Lauren DiMassa, the wife of former state Democratic lawmaker Michael DiMassa and pictured here in February 2022, was sentenced to six months in prison for helping to steal more than $147,000 from the city of West Haven. Andrew Brown / CT Mirror

Lauren DiMassa, the wife of former state Democratic lawmaker Michael DiMassa, was sentenced Thursday to six months in prison and another six months of home detention for helping her husband to steal more than $147,000 from the city of West Haven.

U.S. District Judge Omar Williams handed down the half-year prison sentence in the fraud case despite the fact that DiMassa is 23 weeks pregnant with her fourth child.

After announcing the sentence, Williams explained to DiMassa that her prison sentence would begin May 23, 2023, which means she will give birth behind bars.

After the judge delivered that news, DiMassa openly wept.

Francis O’Reilly, DiMassa’s defense attorney, had asked the federal judge to consider his client’s responsibilities as a mother and to deliver a more lenient sentence that would allow her to avoid giving birth while in prison.

“The only real support these children are going to have is Mrs. DiMassa,” O’Reilly said. “These children need their mother.”

“In this case, detention would do more harm than good,” O’Reilly added.

Williams, who was appointed to the federal bench in November 2021, said he was aware of the difficulties that a six-month prison sentence would present for DiMassa and her children. But he pushed back against the argument that she should avoid time in prison simply because of her parental duties and her current pregnancy.

The federal judge then noted the seriousness of DiMassa’s crime, to which she pleaded guilty.

Federal prosecutors charged her with fraud and conspiracy for helping Michael DiMassa, who was then her boyfriend, by creating phony invoices that were passed off in West Haven city hall.

She was also accused of cashing more than a dozen checks, which were paid using federal pandemic relief funds and a “youth violence prevention” grant that was awarded to the city.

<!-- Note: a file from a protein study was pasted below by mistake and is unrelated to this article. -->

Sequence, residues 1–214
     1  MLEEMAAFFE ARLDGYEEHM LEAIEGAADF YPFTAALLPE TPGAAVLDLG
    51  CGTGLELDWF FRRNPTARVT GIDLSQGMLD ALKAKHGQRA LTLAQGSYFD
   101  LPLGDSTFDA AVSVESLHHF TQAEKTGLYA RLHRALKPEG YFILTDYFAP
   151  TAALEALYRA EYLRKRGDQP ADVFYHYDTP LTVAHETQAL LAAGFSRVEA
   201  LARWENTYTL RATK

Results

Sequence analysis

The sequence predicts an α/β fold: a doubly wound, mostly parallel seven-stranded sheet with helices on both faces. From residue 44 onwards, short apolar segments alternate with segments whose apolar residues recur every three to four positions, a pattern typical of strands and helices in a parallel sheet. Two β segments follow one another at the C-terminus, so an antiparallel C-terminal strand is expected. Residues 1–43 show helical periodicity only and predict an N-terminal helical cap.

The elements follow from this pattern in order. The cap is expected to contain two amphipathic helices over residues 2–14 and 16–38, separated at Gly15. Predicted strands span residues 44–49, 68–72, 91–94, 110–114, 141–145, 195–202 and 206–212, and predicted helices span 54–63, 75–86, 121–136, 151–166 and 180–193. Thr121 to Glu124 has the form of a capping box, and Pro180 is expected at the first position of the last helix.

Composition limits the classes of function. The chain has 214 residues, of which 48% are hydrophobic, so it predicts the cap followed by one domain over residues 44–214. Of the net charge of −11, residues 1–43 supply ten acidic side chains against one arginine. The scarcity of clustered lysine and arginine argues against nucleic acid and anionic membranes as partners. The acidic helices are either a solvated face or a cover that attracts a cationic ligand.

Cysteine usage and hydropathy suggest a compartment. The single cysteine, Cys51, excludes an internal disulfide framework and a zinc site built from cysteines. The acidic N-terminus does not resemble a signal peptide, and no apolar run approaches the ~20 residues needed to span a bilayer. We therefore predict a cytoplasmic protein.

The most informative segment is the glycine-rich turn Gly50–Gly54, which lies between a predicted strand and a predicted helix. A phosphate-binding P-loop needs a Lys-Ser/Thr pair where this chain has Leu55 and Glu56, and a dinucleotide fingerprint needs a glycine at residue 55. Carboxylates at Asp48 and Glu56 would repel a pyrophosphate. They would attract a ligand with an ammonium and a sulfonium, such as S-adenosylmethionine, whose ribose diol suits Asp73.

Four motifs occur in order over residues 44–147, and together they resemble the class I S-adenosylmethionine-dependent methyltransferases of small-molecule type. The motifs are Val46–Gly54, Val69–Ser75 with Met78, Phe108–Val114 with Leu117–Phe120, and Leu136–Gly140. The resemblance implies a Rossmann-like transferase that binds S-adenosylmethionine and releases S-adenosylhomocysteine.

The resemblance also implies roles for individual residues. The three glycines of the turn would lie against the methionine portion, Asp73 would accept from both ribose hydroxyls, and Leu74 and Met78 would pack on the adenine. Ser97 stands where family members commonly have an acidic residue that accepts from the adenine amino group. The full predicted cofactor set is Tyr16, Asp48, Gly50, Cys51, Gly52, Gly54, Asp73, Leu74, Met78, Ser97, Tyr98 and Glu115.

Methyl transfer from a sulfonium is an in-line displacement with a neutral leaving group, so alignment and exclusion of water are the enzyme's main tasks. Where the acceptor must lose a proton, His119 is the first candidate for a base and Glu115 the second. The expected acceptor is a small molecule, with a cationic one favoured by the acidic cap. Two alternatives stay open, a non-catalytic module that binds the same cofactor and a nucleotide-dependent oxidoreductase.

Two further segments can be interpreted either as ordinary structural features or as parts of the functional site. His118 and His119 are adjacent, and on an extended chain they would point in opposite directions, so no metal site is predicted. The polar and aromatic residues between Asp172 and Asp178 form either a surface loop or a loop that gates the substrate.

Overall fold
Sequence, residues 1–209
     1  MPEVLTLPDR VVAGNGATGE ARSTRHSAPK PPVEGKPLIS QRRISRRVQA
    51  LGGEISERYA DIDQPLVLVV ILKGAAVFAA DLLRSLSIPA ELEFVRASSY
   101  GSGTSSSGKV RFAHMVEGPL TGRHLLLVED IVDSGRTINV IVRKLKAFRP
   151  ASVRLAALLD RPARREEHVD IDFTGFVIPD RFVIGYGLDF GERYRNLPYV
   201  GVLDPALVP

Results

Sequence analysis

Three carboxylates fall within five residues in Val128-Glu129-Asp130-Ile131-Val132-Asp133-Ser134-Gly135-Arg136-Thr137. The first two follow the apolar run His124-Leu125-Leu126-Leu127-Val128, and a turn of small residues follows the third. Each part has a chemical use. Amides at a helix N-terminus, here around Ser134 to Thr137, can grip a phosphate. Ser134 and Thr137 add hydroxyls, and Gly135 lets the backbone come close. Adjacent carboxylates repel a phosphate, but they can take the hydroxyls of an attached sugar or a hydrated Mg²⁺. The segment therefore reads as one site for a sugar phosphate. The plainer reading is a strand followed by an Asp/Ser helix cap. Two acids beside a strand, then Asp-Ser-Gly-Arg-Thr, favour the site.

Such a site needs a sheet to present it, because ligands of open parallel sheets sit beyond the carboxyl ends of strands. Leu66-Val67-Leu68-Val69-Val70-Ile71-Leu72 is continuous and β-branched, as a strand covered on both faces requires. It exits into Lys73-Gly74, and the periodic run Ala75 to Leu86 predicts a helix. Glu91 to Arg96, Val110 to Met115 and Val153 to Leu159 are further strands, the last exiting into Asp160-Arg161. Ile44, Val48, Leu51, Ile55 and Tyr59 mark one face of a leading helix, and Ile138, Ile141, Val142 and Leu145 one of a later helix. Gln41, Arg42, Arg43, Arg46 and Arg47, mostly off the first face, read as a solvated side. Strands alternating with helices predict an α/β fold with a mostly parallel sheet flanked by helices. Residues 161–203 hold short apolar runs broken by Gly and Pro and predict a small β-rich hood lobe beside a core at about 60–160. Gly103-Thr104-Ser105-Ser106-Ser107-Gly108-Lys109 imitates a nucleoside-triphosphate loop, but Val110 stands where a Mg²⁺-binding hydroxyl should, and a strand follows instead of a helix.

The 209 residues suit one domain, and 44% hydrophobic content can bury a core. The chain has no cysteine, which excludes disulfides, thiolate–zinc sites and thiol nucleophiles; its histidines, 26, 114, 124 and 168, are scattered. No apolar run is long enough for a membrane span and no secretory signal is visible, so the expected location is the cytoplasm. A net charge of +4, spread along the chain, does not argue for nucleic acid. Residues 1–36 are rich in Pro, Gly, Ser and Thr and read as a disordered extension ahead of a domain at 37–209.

That theft was part of an even broader embezzlement scheme, which was facilitated by Michael DiMassa, who previously served as an assistant to the West Haven city council. All together, more than $1.2 million was eventually stolen from the city’s understaffed finance department.

Williams said it “bordered on the offensive” that DiMassa would plead for mercy based on the needs of her family after she admitted to stealing money that was meant to help other children in West Haven.

“Imagine the good that could have come from those funds,” Williams said.

Williams also pointed out that her current pregnancy began after she pleaded guilty to the federal conspiracy charge last July.

In response, O’Reilly argued that the pregnancy was not intentional and was not meant to manipulate the judge. He said the court system can sometimes make judges and attorneys “a little cynical.”

Williams said he was not passing judgment on the circumstances of the pregnancy, but he said he had to take into consideration the precedent it would set if he lessened the sentence because DiMassa was having another child.

“Should a court always discount a sentence simply because a defendant comes before them pregnant?” he asked.

Williams explained that granting that request would send a “perverse message” to future defendants who are facing serious criminal charges in federal court.

Medical research shows that compared with the general population, incarcerated women are at higher risk for having premature delivery and low birth-weight infants. Still, it is estimated that thousands of women give birth while incarcerated every year.

The federal prosecutors in the case, who charged four different defendants as part of the public corruption probe, told the judge that they considered DiMassa the “least culpable” person in the entire scheme.

And they argued that her husband, who will also be sentenced next month, was “the engine” that drove the fraud.

Even so, Williams emphasized that DiMassa spent more than a year helping to steal taxpayer money, which is why he also ordered her to pay back more than $147,000 in restitution to the city.

“It took you less than a year to take this money,” Williams said. “I’m giving you five years to pay it back.”

After Williams handed down his sentence, DiMassa’s attorney asked the judge to delay the start of her incarceration until after she gives birth, explaining that doctors consider her pregnancy high risk.

Williams said he would consider that motion at a later date.

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Andrew BrownInvestigative Reporter

Andrew joined CT Mirror as an investigative reporter in July 2021. Prior to moving to Connecticut, Andrew was a reporter at newspapers in North Dakota, West Virginia and most recently South Carolina. He’s covered business, utilities, environmental issues, the opioid crisis, local government and two state legislatures. Do you have a story tip? Reach Andrew at 843-592-9958